Do the dinosaurs work?
Indeed they do.
Does anything else?
The greatly anticipated “Jurassic Park,” it turns out, is the poor little rich kid of this summer’s movies. Everything that money can buy has been bought, and what an estimated $60 million can purchase is awfully impressive. But even in Hollywood there are things a blank check can’t guarantee and the lack of those keeps this film from being more than one hell of an effective parlor trick.
Ever since director Steven Spielberg began to work on Michael Crichton’s futuristic novel of catastrophe in a theme park stocked with flesh-and-blood dinosaurs from the Jurassic Period, the anticipation about what the beasts would look like has been intense. And in that area “Jurassic Park” (citywide) does not disappoint.
Brought to life by a consortium of four separate effects units, including live-action expert Stan Winston, who created the original “Terminator,” and Industrial Light & Magic wizard Dennis Muren, responsible for “Terminator 2’s” computer-generated morphing effects, the dinosaurs are wondrously realistic.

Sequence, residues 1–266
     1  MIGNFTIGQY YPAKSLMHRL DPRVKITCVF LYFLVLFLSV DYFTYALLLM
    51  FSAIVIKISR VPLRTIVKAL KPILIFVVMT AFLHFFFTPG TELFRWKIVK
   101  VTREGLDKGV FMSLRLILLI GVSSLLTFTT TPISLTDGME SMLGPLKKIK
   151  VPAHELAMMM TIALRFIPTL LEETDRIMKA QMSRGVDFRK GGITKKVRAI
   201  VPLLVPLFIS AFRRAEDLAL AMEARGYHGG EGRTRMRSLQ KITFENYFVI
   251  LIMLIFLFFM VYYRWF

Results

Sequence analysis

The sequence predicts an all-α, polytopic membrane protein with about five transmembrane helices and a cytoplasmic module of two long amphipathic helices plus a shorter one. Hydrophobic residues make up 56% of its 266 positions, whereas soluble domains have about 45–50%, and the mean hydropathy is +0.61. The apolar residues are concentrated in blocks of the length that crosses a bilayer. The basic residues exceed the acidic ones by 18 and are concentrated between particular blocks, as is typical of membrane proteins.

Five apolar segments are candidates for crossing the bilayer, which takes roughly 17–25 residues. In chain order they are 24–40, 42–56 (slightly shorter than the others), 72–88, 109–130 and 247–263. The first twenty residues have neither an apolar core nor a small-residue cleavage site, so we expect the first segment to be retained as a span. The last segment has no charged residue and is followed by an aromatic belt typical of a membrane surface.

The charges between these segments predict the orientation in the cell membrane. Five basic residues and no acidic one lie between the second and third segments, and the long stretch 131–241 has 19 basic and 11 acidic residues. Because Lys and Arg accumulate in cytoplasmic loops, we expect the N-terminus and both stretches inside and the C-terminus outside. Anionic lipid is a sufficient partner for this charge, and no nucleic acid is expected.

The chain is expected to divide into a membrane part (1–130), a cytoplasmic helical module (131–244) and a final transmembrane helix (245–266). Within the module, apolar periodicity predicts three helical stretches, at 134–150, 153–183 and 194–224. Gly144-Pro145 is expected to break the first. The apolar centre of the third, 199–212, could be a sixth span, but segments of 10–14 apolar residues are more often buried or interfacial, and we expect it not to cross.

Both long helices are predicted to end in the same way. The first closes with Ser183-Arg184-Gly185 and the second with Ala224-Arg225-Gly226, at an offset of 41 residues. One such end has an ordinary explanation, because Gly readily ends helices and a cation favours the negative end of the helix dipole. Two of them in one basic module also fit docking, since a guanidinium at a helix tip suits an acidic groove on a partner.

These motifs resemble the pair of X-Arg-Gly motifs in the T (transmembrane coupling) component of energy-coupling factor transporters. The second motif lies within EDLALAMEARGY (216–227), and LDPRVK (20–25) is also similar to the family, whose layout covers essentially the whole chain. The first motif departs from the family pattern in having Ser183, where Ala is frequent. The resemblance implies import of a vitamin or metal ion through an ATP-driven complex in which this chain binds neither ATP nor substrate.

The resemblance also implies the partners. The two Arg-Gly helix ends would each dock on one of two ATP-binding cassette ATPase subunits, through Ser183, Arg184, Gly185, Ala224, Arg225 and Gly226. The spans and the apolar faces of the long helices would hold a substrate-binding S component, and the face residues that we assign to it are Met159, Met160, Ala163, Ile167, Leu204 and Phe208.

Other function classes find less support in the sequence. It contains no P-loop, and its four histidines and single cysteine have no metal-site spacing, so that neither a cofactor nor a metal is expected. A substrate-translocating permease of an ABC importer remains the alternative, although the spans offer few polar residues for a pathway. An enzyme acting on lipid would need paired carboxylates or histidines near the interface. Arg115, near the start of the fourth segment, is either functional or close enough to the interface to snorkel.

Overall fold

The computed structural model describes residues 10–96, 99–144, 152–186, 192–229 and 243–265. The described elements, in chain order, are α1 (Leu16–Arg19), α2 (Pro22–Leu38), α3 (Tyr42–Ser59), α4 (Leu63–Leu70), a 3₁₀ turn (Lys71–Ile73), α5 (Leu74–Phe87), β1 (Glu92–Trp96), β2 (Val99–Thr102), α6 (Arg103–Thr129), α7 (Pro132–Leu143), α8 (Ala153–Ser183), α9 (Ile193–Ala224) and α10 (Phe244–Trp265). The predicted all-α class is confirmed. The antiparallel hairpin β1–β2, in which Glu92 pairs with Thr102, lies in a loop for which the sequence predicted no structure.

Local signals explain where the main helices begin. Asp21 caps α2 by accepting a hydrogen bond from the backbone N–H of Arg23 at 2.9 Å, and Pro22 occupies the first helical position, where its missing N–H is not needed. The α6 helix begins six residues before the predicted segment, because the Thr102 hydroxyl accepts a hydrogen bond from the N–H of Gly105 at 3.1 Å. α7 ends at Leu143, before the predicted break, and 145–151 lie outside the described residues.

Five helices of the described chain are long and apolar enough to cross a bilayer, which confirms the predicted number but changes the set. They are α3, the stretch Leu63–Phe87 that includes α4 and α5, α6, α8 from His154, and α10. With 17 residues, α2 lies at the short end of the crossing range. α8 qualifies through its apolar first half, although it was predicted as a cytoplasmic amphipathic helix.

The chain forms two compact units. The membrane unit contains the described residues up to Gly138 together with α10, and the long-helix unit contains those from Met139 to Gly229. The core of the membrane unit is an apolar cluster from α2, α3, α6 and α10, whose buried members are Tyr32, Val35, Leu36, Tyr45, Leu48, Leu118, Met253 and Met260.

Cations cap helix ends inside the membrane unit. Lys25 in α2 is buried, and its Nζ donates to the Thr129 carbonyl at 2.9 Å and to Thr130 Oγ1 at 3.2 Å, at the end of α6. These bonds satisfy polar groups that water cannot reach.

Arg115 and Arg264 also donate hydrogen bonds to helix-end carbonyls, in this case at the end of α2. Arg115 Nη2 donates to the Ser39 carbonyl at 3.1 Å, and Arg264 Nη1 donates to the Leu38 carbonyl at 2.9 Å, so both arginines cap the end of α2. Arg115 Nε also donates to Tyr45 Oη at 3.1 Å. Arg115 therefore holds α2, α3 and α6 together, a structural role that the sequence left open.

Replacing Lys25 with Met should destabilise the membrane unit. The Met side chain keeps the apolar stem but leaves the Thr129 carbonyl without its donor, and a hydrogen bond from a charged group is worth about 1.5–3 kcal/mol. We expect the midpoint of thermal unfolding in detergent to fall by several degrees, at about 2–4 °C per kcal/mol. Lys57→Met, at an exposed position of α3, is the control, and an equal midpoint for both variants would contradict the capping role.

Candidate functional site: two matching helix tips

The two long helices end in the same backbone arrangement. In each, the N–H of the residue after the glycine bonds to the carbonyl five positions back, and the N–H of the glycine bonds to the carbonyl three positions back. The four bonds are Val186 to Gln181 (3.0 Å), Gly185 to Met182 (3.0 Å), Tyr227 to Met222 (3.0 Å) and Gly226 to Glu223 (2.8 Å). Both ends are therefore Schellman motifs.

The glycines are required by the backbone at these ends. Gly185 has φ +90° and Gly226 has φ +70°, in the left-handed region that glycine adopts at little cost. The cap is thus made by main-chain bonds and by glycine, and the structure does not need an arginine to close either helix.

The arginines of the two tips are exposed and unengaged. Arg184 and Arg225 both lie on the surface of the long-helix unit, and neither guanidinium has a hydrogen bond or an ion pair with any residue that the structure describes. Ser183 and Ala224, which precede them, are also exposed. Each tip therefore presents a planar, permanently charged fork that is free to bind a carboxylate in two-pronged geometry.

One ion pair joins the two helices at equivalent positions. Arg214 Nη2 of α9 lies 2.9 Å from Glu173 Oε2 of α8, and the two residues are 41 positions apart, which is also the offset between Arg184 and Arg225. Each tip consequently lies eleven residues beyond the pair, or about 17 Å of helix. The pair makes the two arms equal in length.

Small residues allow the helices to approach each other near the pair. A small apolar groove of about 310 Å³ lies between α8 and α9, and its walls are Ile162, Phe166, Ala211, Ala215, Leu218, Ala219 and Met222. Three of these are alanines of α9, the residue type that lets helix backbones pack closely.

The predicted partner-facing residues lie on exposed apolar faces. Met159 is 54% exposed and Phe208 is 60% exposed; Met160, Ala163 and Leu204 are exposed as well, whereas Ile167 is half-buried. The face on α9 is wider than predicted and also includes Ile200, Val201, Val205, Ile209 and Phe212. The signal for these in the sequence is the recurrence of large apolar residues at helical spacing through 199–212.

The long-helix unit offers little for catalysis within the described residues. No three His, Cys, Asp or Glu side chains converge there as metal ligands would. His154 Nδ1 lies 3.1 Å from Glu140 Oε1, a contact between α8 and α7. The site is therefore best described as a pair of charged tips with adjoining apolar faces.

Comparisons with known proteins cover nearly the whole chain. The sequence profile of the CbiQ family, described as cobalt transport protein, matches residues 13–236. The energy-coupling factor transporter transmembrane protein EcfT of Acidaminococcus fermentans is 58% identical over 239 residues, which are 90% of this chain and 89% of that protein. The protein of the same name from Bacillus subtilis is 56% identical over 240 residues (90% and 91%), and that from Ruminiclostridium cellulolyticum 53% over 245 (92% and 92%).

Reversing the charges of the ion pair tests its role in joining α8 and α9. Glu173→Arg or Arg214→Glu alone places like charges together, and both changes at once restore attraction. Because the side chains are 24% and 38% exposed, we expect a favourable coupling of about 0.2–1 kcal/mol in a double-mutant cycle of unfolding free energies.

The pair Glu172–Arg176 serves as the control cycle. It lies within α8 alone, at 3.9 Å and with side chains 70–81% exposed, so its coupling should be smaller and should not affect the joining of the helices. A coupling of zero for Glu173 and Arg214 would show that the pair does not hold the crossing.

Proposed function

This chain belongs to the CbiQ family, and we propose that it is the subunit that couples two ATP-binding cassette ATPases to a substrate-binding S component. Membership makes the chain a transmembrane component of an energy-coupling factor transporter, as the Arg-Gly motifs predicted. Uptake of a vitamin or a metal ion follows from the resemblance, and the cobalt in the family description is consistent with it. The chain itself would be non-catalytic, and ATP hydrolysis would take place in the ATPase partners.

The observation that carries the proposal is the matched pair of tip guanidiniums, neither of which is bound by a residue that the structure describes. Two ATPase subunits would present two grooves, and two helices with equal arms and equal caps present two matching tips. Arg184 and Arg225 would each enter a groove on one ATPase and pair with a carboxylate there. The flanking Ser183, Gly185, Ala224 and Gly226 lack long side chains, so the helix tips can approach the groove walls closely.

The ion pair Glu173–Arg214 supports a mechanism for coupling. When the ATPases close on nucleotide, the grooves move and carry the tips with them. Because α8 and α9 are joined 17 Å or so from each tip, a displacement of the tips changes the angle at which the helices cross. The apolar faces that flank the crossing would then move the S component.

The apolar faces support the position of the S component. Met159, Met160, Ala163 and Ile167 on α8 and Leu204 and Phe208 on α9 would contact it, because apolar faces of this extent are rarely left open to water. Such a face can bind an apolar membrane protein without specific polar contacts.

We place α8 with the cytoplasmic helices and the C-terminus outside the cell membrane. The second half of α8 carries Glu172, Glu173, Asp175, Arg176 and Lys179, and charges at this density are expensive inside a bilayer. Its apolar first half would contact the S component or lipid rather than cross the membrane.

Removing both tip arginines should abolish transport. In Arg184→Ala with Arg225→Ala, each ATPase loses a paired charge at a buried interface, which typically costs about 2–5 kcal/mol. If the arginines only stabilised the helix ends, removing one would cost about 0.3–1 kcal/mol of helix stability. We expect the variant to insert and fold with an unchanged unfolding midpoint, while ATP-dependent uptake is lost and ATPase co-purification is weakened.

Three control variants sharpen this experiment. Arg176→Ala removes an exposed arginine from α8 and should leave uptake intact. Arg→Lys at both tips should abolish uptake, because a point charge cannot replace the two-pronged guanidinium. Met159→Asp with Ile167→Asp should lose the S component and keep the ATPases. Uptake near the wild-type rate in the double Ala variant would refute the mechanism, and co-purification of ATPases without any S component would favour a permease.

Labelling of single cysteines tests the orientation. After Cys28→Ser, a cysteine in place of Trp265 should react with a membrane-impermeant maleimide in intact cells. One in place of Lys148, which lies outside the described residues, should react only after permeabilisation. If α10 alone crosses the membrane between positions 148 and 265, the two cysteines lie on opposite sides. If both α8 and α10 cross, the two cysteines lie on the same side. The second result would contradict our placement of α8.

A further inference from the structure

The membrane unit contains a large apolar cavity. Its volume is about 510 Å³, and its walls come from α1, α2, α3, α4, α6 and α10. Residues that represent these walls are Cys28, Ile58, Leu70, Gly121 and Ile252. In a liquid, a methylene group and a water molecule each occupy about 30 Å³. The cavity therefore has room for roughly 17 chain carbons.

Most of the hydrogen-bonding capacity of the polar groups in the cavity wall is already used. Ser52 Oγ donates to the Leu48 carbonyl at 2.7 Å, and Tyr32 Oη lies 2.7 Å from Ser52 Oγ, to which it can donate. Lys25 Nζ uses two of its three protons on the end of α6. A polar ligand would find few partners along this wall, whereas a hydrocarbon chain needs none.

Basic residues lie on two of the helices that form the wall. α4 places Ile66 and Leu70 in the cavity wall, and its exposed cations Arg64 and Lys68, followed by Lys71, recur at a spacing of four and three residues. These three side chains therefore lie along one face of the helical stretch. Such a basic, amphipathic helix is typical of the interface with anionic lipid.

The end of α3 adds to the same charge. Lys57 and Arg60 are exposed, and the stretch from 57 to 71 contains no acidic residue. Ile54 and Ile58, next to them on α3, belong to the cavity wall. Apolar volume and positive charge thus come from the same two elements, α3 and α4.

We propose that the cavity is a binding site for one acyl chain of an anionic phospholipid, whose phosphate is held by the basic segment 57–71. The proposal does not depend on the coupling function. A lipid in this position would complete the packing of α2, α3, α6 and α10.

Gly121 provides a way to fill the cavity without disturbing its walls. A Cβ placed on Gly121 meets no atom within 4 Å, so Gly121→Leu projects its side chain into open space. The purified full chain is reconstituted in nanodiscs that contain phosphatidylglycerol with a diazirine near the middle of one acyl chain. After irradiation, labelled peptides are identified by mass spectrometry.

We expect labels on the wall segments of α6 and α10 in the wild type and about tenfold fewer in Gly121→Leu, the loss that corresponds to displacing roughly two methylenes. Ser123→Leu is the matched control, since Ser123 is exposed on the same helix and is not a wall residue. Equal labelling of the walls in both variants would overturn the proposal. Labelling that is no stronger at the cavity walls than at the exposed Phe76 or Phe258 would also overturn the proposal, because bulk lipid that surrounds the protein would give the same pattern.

Ranging from the kindly brachiosaurus, a 77-ton vegetarian that might crush a flea but wouldn’t think of eating it, to the difficult Tyrannosaurus rex and the downright nasty velociraptor, some six kinds of dinosaurs come to life with a verisimilitude that is humbling and that also blends seamlessly with the film’s considerably blander and less interesting human characters.
All the imagination and effort (including 18 months of pre-production) that went into making the dinosaurs state-of-the-art exciting apparently left no time to make the people similarly believable or involving. In fact, when the big guys leave the screen, you’ll be tempted to leave the theater with them.
Not that anyone was expecting “Jurassic Park” to be the dinosaur version of “Howards End.” In fact, it was Spielberg himself who created the model for this kind of picture 18 summers ago when he directed the enormously popular “Jaws,” a film in which strong acting and concern for character added considerably to its creature-on-the-loose suspense.
One looks in vain, however, for performances as good as those of Robert Shaw or Richard Dreyfuss or patches of writing as memorable as Shaw’s monologue about a World War II shark attack. With the exception of Richard Attenborough, who is energetic and fun in the role of Hammond, the entrepreneur who dreamed up the park, “Jurassic’s” acting is unengaging and simplistic. Combined with Spielberg’s unexpectedly flat directing style, the result is a standard-issue jeopardy picture with (very realistic) dinosaurs plugged into all the appropriate gaps.